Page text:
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Vatican, Grassroots Call for Women Leaders, Ordination

More Women in Vatican Jobs? At a July press conference, Vatican Secretary of State Cardinal Tarcisio Bertone announced that Pope Benedict is planning to give women “more space and more importance” in jobs at the Holy See.  According to the British newspaper The Guardian, many Vatican officials believe that a key reason for secularization in Europe is the disaffection of women, who used to be the backbone of Catholic congregations.  Bertone, who oversees the Vatican curia, said new appointments are now being planned and “in the context of the responsibilities of the women, there’ll be posts that they take up.” Women in senior Vatican roles are rare. Since governance is tied to ordination, women are excluded from any decision-making role that would give them authority over ordained men.

Brazilians, Aussies Call For Women’s Ordination.  According to the British Journal The Tablet a preparatory document for the Latin American Synod of Bishops described women’s ordination as “a pending debt.”  The statement was part of a 26-page “Synthesis of the Contribution of the Church in Brazil to the Conference of Aparecida” and was published on the webpage of the National Conference of Brazilian Bishops at the end of 2006.  Speaking at a press conference, Brazilian Bishop Dom Celso Quieros said: “At the moment, we know that the dialogue in the Church on the possible ordination of women is closed. Which does not mean it cannot be opened.”  Asked if the “Synthesis” was referring only to ordaining women deacons, Fr. Jose Oscar Beozzo responded by noting that there are three ordained ministries: deacon, priest and bishop.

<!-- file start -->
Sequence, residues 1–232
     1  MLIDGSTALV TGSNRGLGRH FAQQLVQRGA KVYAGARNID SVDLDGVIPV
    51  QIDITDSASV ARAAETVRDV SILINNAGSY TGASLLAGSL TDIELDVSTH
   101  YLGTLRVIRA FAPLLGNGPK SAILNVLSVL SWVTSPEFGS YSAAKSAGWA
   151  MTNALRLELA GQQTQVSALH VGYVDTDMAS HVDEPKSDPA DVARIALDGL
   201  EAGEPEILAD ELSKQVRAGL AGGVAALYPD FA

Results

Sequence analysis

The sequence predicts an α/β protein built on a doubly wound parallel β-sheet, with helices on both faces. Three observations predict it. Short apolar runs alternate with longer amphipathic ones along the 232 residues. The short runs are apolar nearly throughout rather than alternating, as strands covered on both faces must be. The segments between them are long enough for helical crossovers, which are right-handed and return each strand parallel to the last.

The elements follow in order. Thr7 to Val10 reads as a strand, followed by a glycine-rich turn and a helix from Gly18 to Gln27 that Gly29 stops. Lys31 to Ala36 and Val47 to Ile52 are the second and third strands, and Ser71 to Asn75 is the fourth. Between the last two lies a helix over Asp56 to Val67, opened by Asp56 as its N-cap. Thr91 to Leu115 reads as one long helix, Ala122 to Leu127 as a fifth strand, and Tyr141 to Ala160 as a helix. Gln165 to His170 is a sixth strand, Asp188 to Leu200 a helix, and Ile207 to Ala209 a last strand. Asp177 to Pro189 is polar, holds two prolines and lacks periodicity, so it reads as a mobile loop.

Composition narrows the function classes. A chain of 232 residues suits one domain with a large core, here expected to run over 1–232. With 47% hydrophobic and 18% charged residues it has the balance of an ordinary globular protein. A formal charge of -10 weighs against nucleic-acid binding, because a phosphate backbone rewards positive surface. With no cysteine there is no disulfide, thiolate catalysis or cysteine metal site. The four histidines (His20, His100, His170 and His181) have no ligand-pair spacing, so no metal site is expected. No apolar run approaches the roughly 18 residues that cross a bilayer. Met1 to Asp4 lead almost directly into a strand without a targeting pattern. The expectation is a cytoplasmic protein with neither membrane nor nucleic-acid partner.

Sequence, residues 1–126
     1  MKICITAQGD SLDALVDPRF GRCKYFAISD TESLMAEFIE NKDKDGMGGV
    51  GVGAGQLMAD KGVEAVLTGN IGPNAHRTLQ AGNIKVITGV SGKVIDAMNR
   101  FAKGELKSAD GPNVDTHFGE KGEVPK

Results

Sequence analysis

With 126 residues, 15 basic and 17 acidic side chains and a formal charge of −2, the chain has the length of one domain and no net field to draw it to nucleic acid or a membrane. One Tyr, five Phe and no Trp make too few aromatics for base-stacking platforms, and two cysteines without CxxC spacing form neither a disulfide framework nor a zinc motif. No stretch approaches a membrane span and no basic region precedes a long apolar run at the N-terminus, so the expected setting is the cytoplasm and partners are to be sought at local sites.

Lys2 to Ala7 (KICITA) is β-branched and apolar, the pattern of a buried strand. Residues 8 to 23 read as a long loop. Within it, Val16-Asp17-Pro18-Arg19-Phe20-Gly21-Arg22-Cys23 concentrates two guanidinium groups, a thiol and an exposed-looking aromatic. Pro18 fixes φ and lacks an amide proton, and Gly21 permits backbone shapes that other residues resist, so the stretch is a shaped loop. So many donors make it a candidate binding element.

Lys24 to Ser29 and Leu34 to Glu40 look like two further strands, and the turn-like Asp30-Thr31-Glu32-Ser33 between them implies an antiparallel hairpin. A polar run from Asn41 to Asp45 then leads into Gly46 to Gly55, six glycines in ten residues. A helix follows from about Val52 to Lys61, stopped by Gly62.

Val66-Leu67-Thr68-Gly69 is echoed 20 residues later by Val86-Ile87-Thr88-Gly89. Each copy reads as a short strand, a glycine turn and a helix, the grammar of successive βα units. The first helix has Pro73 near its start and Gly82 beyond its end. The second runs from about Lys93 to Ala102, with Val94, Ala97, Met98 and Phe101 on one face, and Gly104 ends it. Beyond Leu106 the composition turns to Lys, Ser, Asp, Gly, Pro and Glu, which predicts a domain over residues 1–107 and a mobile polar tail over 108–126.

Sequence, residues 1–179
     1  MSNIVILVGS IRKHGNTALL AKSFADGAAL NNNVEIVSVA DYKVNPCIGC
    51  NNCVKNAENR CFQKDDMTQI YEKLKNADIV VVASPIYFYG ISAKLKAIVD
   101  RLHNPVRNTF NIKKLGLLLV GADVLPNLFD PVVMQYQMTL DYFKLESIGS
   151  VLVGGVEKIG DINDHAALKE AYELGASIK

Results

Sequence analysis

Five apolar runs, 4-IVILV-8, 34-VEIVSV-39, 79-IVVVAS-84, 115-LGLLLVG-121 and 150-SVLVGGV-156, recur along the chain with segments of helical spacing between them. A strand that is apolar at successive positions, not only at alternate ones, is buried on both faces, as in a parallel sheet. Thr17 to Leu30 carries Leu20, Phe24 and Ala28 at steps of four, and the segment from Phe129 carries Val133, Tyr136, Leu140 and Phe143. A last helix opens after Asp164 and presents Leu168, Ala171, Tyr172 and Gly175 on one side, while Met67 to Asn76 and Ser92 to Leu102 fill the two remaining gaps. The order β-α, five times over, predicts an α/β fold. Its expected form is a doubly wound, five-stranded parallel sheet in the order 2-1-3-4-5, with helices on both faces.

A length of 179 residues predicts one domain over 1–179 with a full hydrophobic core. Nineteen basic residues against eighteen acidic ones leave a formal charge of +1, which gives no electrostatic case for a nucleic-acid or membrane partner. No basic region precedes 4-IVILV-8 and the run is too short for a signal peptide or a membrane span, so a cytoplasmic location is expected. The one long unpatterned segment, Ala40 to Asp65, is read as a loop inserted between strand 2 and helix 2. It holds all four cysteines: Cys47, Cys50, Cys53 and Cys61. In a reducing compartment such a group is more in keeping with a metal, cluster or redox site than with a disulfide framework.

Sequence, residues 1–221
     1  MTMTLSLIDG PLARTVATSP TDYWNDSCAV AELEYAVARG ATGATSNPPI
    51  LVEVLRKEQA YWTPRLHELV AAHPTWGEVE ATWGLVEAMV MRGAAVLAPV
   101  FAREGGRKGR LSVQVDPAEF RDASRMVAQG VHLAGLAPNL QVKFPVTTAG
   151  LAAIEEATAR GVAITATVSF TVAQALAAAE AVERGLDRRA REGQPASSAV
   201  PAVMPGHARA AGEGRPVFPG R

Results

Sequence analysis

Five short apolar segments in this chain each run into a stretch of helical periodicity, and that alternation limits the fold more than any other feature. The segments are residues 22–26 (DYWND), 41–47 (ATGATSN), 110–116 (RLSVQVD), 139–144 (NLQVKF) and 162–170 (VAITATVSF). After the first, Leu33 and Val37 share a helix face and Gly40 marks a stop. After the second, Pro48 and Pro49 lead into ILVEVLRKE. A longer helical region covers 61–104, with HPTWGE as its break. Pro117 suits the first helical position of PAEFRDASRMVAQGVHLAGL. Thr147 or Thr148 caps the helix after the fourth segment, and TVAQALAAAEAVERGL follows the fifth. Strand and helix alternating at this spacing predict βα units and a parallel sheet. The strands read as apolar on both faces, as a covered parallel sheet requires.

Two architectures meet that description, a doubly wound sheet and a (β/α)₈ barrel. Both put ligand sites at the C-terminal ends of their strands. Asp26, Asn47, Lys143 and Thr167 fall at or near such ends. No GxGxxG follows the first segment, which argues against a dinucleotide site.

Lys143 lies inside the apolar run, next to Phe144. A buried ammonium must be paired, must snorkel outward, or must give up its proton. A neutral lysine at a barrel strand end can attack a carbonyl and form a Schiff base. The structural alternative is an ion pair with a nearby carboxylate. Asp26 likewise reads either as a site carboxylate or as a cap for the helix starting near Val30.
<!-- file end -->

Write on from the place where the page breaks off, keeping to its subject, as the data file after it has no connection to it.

In August, well-known lay and religious Catholic leaders in Australia petitioned their Bishops to “encourage a wide-ranging discussion of the role of women in ministry and in the authority structures of the Church, including the question of women's ordination.” Petitioners also requested the ordination of married men and the return of priests who left the active ministry to marry. Australia’s 50 bishops were encouraged to acknowledge the “major crisis in ministry within the Australian Catholic Church,” and to discuss these issues at their November meeting. For full text visit http://www.catholica.com.au

Roman Catholic Womenpriests Ordain Twenty-Three. The group Roman Catholic Womenpriests will ordain nine priests and fourteen deacons in the U.S. and Canada over the summer. This brings the total number of ordained in the worldwide movement
to 27 priests, four bishops and fourteen deacons. The women are serving in various grassroots faith communities across the United States.

Focus on FutureChurch

Summer 2007


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